Based on preliminary calculations the Science Party believes the land tax could be set at half of the 10 year government bond rate.

The implementation of this tax should occur on a State by State basis, as it will require a binding accord between the Commonwealth and the State in question. The resulting tax revenues from a given property should be split between the Local, State, and Federal governments, in fixed proportions agreed to by the State and Commonwealth, such that Local and State governments are projected to earn at least as much revenue as raised by the replaced taxes and rates.

As recommended by the Henry review, the tax will need to be phased in gradually, to give property holders the chance to adjust to the new regime. Each year for a 10 year period commencing from the point of State and Commonwealth agreement, the land tax rate shall increase by 1/10th of its maximum rate while the replaced taxes decrease by 1/10th.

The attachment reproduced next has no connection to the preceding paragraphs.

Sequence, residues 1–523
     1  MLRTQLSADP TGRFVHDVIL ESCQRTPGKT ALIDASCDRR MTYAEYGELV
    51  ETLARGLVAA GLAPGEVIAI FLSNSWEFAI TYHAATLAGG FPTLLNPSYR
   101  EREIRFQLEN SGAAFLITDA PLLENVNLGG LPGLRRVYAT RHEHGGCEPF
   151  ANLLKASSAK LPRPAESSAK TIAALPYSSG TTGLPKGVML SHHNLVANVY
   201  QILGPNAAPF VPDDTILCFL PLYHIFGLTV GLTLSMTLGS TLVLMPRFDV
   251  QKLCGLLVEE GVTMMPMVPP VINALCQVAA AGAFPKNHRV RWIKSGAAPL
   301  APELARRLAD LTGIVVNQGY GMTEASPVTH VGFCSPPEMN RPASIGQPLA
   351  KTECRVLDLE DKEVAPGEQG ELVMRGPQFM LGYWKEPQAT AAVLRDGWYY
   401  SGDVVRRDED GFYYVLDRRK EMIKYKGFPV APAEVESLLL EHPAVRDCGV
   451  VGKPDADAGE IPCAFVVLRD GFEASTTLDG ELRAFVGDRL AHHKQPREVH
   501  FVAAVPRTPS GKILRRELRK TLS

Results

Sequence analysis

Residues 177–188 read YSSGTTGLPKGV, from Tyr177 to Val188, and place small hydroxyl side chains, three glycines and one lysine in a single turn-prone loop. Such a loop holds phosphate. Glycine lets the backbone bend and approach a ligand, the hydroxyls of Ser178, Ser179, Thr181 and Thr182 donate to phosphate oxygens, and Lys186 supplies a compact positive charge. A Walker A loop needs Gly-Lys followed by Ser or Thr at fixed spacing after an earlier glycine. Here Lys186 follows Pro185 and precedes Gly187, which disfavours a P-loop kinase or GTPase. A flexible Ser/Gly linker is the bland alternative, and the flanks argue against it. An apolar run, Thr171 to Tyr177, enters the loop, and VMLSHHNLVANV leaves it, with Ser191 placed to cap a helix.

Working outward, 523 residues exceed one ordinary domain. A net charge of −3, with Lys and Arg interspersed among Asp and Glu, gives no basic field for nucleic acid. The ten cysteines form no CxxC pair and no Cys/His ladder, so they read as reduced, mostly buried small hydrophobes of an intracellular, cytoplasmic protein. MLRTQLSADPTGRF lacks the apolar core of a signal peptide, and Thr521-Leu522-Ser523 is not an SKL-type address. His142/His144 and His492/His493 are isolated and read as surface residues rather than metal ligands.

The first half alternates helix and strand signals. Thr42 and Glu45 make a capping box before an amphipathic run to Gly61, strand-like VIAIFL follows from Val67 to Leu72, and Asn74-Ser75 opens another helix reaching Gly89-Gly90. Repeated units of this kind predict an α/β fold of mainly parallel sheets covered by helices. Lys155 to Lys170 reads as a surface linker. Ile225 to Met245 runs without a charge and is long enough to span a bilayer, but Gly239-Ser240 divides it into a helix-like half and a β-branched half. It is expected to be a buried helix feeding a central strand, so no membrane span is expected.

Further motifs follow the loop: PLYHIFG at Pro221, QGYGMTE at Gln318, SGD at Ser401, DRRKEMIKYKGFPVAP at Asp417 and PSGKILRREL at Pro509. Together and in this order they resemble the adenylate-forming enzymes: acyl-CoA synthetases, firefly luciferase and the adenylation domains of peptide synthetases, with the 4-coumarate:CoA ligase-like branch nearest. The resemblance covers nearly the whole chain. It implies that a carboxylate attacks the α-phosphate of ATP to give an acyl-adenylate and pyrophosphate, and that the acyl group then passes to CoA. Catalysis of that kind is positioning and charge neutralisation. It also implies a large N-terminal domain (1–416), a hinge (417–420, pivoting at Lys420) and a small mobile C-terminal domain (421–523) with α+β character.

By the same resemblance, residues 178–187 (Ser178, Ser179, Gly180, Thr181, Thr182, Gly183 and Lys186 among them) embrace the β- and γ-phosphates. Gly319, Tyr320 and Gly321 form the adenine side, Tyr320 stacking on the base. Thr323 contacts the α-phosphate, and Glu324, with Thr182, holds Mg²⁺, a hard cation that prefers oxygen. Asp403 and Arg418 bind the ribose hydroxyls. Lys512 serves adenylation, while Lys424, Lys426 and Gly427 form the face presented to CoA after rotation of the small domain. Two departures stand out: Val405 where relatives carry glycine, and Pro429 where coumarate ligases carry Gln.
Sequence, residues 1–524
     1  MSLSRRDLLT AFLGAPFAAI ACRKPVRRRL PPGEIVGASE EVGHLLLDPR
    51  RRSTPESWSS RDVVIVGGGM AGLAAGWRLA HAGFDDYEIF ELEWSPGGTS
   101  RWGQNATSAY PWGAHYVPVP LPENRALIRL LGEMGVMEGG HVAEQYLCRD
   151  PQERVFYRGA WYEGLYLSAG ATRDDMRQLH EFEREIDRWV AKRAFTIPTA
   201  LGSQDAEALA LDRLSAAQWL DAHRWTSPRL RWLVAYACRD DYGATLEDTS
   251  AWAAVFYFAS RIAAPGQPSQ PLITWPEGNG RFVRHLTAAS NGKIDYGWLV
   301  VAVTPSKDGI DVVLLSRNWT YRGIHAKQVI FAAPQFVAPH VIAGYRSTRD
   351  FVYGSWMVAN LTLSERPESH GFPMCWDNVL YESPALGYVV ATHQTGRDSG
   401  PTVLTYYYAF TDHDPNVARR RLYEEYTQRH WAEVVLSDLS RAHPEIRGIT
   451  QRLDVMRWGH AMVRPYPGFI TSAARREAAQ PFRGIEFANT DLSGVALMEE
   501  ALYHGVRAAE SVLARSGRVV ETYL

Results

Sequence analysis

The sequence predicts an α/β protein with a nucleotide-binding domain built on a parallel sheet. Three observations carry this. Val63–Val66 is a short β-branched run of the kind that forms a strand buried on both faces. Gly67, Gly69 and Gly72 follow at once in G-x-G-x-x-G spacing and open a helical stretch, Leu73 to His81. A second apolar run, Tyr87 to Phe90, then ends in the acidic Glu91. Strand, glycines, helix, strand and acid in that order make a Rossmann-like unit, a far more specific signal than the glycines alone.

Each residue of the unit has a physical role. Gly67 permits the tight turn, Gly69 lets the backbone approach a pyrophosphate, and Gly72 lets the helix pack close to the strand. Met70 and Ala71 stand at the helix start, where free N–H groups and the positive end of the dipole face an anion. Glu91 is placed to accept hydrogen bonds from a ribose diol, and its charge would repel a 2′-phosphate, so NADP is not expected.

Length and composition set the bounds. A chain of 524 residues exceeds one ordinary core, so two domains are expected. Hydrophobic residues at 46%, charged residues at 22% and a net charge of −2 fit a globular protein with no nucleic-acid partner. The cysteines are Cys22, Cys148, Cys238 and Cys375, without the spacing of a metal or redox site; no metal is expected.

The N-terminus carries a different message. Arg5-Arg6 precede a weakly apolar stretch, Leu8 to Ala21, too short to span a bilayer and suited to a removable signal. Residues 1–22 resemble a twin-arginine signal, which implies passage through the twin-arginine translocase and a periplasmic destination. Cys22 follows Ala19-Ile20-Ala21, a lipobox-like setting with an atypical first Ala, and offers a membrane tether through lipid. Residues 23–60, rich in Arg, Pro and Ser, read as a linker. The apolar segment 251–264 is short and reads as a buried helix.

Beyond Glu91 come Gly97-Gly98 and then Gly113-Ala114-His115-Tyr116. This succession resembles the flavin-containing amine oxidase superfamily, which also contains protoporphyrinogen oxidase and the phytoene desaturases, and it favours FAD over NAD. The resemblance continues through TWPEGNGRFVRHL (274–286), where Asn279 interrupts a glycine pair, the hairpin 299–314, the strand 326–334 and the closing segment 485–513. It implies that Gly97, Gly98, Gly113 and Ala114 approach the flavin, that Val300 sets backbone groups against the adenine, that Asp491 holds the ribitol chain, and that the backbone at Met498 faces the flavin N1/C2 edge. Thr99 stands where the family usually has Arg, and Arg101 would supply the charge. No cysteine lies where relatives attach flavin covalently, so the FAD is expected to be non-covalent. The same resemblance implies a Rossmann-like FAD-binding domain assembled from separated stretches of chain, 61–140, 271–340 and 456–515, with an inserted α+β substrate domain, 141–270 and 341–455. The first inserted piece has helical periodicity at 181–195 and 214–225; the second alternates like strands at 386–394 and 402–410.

4. Simplification of Marginal Tax Rates

4.1. Policy: The Science Party endorses the Henry Tax Review’s suggestion to simplify the marginal tax rates into 3 simple bands:

  • 0% tax for income below $25 000 (tax free-threshold)
  • 35% tax on each dollar earnt above $25 000 and below $180 000
  • 45% tax on each dollar earnt above $180 000

4.2. Discussion: While the recommendations of the Henry Tax Review were partially accepted with an increase of the tax-free threshold from $6 000 to $18 000, $18 000 is still at a level that represents significant poverty. People who earn $18 000 per year are still eligible for welfare payments, meaning that they are given welfare by the government but also required to pay that money back as tax. This system is wasteful as it increases bureaucracy unnecessarily, and it also contributes to the formation of welfare traps (see section 8.5).

By simplifying tax rates, we reduce the complexity of the tax system for both the individual while also reducing the compliance costs of business who pay employees.


5. Removing welfare traps